Sandy victims still desperate

Dozens pack forum to discuss contractor complaints


Dozens of residents gathered for a forum in the Long Beach Public Library on Jan. 11 to discuss how to solve problems with contractors they hired for home elevations and repairs after Hurricane Sandy.

Hosted by Nassau County Legislator Denise Ford, State Assemblywoman Melissa Miller and the Long Beach Community Organizations Active in Disasters, the forum featured representatives of the Nassau County district attorney’s office and the county Office of Consumer Affairs, who answered attendees’ questions and offered advice on the steps to take after they experienced contractor fraud.

“After Hurricane Sandy, Nassau County was affected in a dramatic way,” Consumer Affairs representative Kenneth Heino said. “We have lots of complaints from Long Beach to Massapequa, back and forth along the South Shore.”

Many residents and officials contend that contractor fraud remains rampant in Long Beach. Warren Thurer, chief of the Criminal Complaint Unit at the D.A.’s office, said that D.A. Madeline Singas had arrested two former contractors, Lee Moser and Richard Holowchak. Moser, of Smithtown, allegedly scammed Sandy victims in Nassau and Suffolk counties out of tens of thousands of dollars. Holowchak, of Brooklyn, allegedly performed little or no work for five Nassau County homeowners who paid him a total of nearly $400,000, according to the D.A.’s office.

Since 2013, Singas’s office has filed criminal charges in 97 cases in Nassau County alleging unlicensed home improvement.

Many residents complained about a contractor named Thomas Hart, who they said neglected work he agreed to perform on their houses. “We have received complaints against this person,” Thurer said.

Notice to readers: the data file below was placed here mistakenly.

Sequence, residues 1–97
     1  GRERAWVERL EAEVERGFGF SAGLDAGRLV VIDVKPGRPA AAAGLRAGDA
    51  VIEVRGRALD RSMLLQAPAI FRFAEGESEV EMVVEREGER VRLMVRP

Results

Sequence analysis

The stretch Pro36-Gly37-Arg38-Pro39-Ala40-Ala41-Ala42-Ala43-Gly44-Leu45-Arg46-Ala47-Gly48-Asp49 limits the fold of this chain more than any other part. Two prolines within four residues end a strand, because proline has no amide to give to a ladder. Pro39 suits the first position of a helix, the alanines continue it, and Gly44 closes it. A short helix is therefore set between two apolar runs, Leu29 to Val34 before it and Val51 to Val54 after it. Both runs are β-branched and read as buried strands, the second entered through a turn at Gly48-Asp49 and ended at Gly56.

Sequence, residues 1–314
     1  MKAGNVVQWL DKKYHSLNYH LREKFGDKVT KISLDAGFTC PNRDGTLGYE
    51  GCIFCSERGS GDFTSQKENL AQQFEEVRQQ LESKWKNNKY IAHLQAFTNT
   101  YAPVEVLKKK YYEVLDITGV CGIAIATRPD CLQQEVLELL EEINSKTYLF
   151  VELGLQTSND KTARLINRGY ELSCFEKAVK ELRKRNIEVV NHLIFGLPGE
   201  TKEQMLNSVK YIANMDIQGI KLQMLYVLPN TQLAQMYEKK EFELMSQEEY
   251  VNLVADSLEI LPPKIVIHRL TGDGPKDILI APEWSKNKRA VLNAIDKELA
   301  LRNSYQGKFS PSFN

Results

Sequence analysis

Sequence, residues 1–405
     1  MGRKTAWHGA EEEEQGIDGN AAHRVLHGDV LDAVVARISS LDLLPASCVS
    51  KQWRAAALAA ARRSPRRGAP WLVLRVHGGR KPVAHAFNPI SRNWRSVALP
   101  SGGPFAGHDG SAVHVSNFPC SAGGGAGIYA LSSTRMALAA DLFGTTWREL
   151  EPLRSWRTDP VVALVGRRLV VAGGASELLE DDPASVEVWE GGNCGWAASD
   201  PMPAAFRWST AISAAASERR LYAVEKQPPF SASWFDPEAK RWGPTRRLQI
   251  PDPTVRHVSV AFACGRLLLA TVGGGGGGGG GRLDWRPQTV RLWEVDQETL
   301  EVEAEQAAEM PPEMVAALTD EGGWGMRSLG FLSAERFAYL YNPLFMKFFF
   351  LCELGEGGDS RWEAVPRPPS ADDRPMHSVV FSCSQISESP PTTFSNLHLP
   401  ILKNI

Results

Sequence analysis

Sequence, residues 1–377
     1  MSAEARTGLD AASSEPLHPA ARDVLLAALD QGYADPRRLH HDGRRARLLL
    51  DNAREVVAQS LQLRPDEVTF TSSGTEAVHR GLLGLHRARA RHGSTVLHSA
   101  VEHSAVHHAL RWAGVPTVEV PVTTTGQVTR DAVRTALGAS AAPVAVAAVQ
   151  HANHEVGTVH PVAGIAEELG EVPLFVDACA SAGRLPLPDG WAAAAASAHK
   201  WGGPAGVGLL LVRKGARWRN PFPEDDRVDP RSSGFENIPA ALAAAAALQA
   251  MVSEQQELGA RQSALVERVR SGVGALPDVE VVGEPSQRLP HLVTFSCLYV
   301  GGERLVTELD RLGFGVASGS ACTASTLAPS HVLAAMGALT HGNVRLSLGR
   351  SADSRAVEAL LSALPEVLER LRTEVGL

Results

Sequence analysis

Hart could not be reached for comment.

Miriam Sholder, who represented Singas, said that the office doesn’t comment on complaints it receives unless and until a contractor is arrested.

Long Beach Building Commissioner Scott Kemins said that two or three contractors had committed fraud in Long Beach, forging contracts, doing work without a license and abandoning projects after taking homeowners’ money. Many residents said they remain displaced while work is being done on their homes — some since Sandy — and they continue to pay utility bills.

“It’s isolated to a few contractors, so percentage-wise, it’s not a huge problem,” Kemins said, “but that doesn’t discount the individual person that’s having all these issues, and paid money and didn’t have the work done. It’s catastrophic for this person.”

He added that the Building Department is willing to help homeowners find new contractors and work through their issues.

Heino encouraged attendees to submit complaints to his office if they had not already done so, so he could be made aware of their issues. He said that his office urges contractors to resolve any issues, and suspends their licenses if they failed to do so. He forwards the cases to Singas’s office, which determines whether the actions were criminal.